Christian Exhortation in the Friendship of Madeleine L’Engle and Marilyn Unruh

This past year, Buswell Library Special Collections had the privilege of having Wheaton College senior Jenna Watson help us process some significant donations we received in the last few years. One such donation was from Marilyn Unruh, a dear friend of author Madeleine L’Engle. Jenna writes a reflection on what she found below:

Buswell Library Special Collections recently received a donation of correspondence from author Madeleine L’Engle to one of her dearest friends, Marilyn Unruh. This correspondence spans nearly thirty years (1972-2000) and paints a portrait of a deep, unbreakable friendship. These letters feature everything we would expect from Madeleine: creative theological reflection, affirmation of love as the strongest force in the world, and unwavering belief in the power of story as a vehicle for truth. They affirm that the Madeleine who wrote A Wrinkle in Time, Walking on Water, and Meet the Austins is her true self. However, this correspondence reveals that Madeleine depended greatly on those around her for inspiration and correction. Her friend Marilyn’s challenges to Madeleine’s theology shaped the contours of Madeleine’s books we read today. This makes an understanding of Madeleine and Marilyn’s friendship essential to anyone who seeks to truly know Madeleine.

The clearest example of Marilyn challenging Madeleine’s theology is in their correspondence about Bright Evening Star, a nonfiction book reflecting on the mystery of the incarnation. On September 16, 1996, Marilyn wrote Madeleine with her impressions after reading an early draft of Bright Evening Star:

Essentially, I saw your premise as being that Jesus had a dual nature, divine and human, and that he elected to stay within the limits of the human throughout. He refused to do “godness” things, “godness” meaning performing supernatural acts of power, the spectacular, the sensational, but chose rather to stay human in order to show us how to be human.

Based on this, I doubt that the Jesus you are presenting here is a person I would be able to trust with my life and be willing to follow heart and soul. I will try to articulate what I found confusing about your manuscript.

Marilyn then articulates three problems she sees with Madeleine’s Christology. First, she writes that Madeleine’s explanation of Christ’s ability to perform supernatural acts of power is incompatible with the image of God as total love. Second, this Christology does not allow Marilyn to relate to Christ because his options are different from human options. Third, this Christology does not teach Marilyn how to be more human.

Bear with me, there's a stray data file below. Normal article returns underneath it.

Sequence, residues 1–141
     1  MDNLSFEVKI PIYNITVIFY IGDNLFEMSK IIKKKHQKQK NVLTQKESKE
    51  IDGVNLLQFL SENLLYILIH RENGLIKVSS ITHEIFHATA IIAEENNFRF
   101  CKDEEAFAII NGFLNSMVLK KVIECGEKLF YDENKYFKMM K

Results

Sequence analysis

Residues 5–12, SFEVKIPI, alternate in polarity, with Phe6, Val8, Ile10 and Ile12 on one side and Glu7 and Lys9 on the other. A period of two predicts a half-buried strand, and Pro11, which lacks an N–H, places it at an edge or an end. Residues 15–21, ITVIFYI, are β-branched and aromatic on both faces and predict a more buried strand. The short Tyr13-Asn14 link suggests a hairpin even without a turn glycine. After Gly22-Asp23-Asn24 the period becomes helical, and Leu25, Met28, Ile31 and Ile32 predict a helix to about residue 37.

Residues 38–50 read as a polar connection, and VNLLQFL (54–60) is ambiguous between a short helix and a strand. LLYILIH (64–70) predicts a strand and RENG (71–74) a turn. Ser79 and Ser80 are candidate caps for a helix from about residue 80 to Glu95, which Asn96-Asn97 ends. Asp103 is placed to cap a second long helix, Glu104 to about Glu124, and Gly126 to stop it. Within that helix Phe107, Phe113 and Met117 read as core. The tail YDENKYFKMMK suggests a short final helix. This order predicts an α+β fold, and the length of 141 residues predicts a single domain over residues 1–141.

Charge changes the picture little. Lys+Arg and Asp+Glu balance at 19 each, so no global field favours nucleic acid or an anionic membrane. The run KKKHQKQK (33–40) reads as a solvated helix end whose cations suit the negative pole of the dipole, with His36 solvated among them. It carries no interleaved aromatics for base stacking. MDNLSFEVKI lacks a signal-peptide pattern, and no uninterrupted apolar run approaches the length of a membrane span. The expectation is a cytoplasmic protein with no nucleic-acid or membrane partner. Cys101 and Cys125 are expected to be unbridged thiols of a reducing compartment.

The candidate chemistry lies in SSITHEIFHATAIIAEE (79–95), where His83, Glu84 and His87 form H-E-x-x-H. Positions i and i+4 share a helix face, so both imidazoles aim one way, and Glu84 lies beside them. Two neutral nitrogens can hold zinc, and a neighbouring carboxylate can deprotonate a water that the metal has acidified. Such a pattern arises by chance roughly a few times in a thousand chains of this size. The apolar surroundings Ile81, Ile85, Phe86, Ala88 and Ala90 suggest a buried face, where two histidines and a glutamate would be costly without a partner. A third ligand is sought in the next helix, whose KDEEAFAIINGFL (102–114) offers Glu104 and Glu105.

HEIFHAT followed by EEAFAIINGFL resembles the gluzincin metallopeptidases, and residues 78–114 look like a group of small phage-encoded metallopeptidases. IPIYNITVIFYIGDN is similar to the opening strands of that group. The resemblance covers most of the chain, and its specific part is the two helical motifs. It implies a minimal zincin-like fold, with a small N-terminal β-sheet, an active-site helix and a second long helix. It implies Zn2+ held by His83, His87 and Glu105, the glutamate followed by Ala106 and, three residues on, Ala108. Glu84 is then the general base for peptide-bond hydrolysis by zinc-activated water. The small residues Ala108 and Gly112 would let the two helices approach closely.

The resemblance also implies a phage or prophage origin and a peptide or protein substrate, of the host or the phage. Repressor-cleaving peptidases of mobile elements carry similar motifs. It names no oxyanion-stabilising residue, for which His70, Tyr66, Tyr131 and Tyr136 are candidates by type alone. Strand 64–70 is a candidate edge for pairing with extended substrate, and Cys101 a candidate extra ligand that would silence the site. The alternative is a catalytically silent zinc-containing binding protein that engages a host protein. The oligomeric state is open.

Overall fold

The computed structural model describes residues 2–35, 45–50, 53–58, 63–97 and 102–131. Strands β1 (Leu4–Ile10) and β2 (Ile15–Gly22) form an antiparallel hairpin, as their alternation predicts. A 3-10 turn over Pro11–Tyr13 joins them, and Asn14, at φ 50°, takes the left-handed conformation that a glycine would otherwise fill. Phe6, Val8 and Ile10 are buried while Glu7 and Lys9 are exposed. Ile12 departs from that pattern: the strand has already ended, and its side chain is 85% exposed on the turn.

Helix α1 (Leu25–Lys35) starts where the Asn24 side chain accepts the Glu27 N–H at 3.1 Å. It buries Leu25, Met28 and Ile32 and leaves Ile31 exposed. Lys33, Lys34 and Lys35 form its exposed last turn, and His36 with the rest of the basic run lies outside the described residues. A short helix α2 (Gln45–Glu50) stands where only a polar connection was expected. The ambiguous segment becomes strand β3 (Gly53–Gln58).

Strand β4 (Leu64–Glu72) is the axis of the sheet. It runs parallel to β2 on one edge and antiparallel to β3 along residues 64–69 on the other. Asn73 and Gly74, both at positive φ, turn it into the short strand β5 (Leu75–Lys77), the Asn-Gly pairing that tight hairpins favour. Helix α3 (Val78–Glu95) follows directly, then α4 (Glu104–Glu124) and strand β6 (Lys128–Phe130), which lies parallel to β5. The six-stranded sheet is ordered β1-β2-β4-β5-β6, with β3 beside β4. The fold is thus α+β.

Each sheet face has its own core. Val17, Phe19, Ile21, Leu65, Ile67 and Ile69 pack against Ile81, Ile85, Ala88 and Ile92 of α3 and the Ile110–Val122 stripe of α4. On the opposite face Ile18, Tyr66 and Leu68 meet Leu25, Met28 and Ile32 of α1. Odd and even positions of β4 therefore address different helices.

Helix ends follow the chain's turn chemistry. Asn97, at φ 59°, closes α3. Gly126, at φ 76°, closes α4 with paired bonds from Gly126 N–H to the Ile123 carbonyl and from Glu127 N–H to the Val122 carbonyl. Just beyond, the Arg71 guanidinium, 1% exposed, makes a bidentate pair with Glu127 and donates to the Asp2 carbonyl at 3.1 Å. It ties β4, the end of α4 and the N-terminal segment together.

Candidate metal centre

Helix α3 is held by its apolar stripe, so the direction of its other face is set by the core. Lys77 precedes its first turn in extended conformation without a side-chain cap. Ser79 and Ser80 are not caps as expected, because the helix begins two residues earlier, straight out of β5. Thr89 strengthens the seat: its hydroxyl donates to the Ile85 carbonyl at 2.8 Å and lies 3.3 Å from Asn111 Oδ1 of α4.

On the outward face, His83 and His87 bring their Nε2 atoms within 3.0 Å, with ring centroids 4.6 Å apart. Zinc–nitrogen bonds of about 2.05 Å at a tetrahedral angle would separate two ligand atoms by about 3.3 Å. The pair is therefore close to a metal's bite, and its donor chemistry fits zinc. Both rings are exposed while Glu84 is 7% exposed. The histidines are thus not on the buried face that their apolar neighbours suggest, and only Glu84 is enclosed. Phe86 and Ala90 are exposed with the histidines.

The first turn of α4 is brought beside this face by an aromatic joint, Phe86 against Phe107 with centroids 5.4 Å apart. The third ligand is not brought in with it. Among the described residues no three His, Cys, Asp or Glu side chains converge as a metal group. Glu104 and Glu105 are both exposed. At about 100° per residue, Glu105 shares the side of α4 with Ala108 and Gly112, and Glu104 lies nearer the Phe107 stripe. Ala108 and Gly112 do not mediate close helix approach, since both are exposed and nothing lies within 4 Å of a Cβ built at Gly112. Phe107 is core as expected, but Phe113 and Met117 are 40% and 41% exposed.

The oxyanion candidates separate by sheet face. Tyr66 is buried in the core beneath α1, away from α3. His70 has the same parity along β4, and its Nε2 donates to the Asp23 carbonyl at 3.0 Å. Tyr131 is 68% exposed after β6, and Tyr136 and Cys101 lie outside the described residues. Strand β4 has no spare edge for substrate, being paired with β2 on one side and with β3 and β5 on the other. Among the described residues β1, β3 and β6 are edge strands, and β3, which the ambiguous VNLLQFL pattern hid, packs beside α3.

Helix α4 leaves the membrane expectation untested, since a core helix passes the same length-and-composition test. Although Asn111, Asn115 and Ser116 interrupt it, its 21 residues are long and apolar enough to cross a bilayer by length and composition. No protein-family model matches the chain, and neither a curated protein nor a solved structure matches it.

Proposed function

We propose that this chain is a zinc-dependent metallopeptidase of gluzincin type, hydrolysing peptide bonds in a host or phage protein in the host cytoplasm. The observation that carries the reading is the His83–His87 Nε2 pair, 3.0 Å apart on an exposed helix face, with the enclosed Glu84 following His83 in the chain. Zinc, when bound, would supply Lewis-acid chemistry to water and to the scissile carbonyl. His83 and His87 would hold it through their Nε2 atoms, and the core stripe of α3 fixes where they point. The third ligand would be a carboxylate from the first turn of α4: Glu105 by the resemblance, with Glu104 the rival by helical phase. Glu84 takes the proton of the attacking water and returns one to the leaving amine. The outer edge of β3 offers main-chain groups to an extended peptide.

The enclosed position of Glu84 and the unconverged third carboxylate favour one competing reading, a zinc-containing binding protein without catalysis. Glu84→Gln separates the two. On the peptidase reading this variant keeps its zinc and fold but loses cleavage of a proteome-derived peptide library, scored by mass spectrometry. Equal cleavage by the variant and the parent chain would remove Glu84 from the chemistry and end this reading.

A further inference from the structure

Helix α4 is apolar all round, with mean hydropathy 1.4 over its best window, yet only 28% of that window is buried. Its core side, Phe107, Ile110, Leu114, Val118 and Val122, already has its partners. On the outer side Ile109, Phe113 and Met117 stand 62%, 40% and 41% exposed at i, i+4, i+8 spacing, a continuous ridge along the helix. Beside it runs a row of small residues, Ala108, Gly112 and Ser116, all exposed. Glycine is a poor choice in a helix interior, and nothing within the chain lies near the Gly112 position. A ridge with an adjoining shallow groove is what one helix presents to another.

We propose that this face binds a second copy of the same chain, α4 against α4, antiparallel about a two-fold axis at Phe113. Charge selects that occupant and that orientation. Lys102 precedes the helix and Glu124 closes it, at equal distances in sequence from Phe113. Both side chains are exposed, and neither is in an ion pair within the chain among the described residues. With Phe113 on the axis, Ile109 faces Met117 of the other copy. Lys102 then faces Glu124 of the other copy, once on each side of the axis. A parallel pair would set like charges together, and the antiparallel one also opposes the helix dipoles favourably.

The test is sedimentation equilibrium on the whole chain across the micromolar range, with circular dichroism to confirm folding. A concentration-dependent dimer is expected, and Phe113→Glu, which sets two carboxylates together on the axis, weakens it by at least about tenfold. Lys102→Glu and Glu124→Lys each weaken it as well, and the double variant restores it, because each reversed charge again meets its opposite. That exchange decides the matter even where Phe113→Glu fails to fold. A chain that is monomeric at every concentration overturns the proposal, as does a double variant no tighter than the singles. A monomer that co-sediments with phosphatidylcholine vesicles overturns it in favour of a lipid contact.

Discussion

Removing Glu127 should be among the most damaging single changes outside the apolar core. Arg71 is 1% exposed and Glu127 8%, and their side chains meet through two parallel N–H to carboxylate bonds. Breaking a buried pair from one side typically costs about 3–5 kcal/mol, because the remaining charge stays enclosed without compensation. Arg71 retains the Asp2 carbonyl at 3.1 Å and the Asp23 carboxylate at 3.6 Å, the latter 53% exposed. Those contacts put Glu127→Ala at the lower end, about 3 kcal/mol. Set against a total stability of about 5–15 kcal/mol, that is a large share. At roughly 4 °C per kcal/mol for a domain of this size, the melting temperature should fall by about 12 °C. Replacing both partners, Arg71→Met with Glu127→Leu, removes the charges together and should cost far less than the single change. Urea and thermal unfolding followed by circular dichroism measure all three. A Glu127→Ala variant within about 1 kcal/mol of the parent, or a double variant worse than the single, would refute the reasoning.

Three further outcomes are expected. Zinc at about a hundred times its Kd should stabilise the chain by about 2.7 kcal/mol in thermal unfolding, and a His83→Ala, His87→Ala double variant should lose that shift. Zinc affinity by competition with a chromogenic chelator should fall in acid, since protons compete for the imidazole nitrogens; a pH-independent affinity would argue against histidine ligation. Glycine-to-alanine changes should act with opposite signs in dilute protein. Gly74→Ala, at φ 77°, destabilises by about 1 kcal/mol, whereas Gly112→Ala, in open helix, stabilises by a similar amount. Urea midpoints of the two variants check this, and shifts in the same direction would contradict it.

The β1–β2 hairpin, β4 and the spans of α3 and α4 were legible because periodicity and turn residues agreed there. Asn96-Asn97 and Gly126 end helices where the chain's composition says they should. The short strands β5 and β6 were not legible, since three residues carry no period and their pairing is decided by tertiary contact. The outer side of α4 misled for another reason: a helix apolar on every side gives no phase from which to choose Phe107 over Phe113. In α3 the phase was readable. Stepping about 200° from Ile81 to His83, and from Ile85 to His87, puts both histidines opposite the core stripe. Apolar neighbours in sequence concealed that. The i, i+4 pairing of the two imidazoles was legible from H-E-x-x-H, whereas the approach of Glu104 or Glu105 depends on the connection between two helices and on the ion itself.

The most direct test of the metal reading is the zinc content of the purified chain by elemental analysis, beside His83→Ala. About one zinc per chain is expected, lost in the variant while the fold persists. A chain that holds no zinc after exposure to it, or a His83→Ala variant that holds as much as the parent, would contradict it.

“In short,” Marilyn writes, “I need a Jesus who brought his god-nature, (not a god-nature perceived by our finite minds as supernatural power, but god-nature as divine total all-encompassing love) into my human dual (good and evil nature)…Show me this Jesus in your manuscript and I will gladly love and serve him.”

Madeleine’s response, characteristically scrawled on the back of a book cover she wanted to show Marilyn, said: “Many thanks for the thoughtful letter. What you asked me to do was what I was trying to do! But I think the problem was that I was trying too hard to prove points and so forgot the winsome lovableness of the human Jesus! I have already put a new disc in the machine and started again.”

Marilyn replied with further encouragement and exhortation. “People listen to you, Madeleine, so it’s terribly important that you not sell them short. I’m relieved that you are willing to work at revision. You don’t have to be didactic. You don’t have to take a position and argue your point. Just show clearly where Jesus will lead us if we follow him.”

In addition to a more robust understanding of Madeleine’s theology, this collection is a strong testament to the power of Christian friendship that affirms, challenges, and unconditionally loves. Marilyn’s loving Christian exhortation and Madeleine’s grateful acceptance of it suggests that their friendship truly was as unconditional as they frequently assert. As Madeleine writes to Marilyn in June 1992, “We make a terrific combination, and I think together we do the Lord’s work in a stronger way than either of us does singly.” (June 1992, Item 2, Folder 16, Box 6, SC-03).